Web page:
2.1. Depending on Other Analyzers

So you’ve looked around and identified an analyzer you’d like to depend on: great!

The next step is to add it as a dependency of your analyzer.

2.1.1. Declaring the Dependency

In this example, we’ll write an analyzer that uses a type-annotated AST produced by r2c/typed-ast and build some rules that use the type annotations.

We’ll initialize an analyzer with r2c init and call it typed-ast-rules-example. Then we edit the analyzer.json to include r2c/typed-ast as a dependency:

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{
  "analyzer_name": "r2c/typed-ast-rules-example",
  "author_name": "Jav. A. Script",
  "author_email": "[email protected]",
  "version": "1.0.0",
  "spec_version": "1.2.0",
  "dependencies": {
    "r2c/typed-ast": "1.1.0"
  },
  "type": "commit",
  "output": {
    "type": "json"
  },
  "deterministic": true
}

Analyzers are expected to follow semantic versioning. We highly recommend depending on a specific version to ensure your analyzer is deterministic. Wildcard (*) and other major/minor version specifier are allowed, but discouraged: for more details, see see the manifest spec.

2.1.2. Using the Dependency

We’ve declared the dependency–how do we actually use it?

The output of the previous analyzer stage (or stages–you can have multiple dependencies in your analyzer) will be mounted into your container automatically.

As a reminder, dependencies for analyzers are mounted into the container at /analysis/inputs.

All dependency names must also be valid Linux filesystem paths; this enables r2c to mount each dependency in a subfolder matching the org and analyzer name. For example, if a transpiler analyzer were published by you or someone else using r2c-cli, you could depend on it by specifying it in the dependency object as "r2c/transpiler": "1.0.0". Its output will appear under /analysis/inputs/r2c/transpiler.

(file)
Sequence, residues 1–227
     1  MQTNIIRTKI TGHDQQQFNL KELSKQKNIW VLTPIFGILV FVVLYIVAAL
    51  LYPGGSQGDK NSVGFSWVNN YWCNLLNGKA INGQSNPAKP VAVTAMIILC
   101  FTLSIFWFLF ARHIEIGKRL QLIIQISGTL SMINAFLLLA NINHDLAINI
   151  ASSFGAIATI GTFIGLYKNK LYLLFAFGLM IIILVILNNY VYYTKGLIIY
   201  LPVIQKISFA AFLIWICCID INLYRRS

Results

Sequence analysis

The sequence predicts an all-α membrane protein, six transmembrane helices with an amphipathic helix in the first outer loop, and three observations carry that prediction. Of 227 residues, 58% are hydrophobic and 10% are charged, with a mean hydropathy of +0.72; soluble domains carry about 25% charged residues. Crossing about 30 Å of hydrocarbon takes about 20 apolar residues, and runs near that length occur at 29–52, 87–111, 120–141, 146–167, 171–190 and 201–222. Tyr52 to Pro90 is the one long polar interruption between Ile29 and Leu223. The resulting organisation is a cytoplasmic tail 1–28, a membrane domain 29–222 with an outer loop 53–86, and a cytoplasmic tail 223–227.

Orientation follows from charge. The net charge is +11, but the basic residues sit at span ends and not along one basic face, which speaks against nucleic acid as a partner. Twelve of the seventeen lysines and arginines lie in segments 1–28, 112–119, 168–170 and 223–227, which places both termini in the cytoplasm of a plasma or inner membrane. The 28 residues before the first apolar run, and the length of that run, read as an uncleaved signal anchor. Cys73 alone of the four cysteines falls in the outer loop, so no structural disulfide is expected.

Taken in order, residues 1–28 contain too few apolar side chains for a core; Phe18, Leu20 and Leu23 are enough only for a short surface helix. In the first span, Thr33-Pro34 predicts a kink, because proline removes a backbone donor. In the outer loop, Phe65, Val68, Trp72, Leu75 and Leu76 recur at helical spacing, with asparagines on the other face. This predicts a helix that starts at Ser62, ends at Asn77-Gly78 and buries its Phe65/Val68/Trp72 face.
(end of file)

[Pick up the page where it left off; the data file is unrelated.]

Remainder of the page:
This behavior is slightly different for filesystem type analyzers and JSON type analyzers. For filesystem type analyzers, their input appears at that path. If r2c/transpiler is of type filesystem and writes a file named foo.bin to /analysis/output/fs/, then when depending on r2c/transpiler, that file would exist at /analysis/inputs/r2c/transpiler/foo.bin. If on the other hand, r2c/transpiler is of type JSON and writes its output to /analysis/output/output.json, that JSON file would exist at /analysis/inputs/r2c/transpiler.json.

In our case, r2c/typed-ast is a filesystem analyzer, so we can look for its input at /analysis/inputs/r2c/typed-ast. Our analyze.sh entrypoint specifies this and passes it to a program that will iterate over all of the input ASTs and perform matching on them:

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#!/bin/bash

set -e
AST_DIR="/analysis/inputs/r2c/typed-ast"

DIR="$(cd "$(dirname "${BASH_SOURCE[0]}")" && pwd)"
node $DIR/dist/index.js $AST_DIR >/analysis/output/output.json

If you’re interested in using typed-ast-rules-example specifically, you can continue cloning https://github.com/returntocorp/typed-ast-rules-example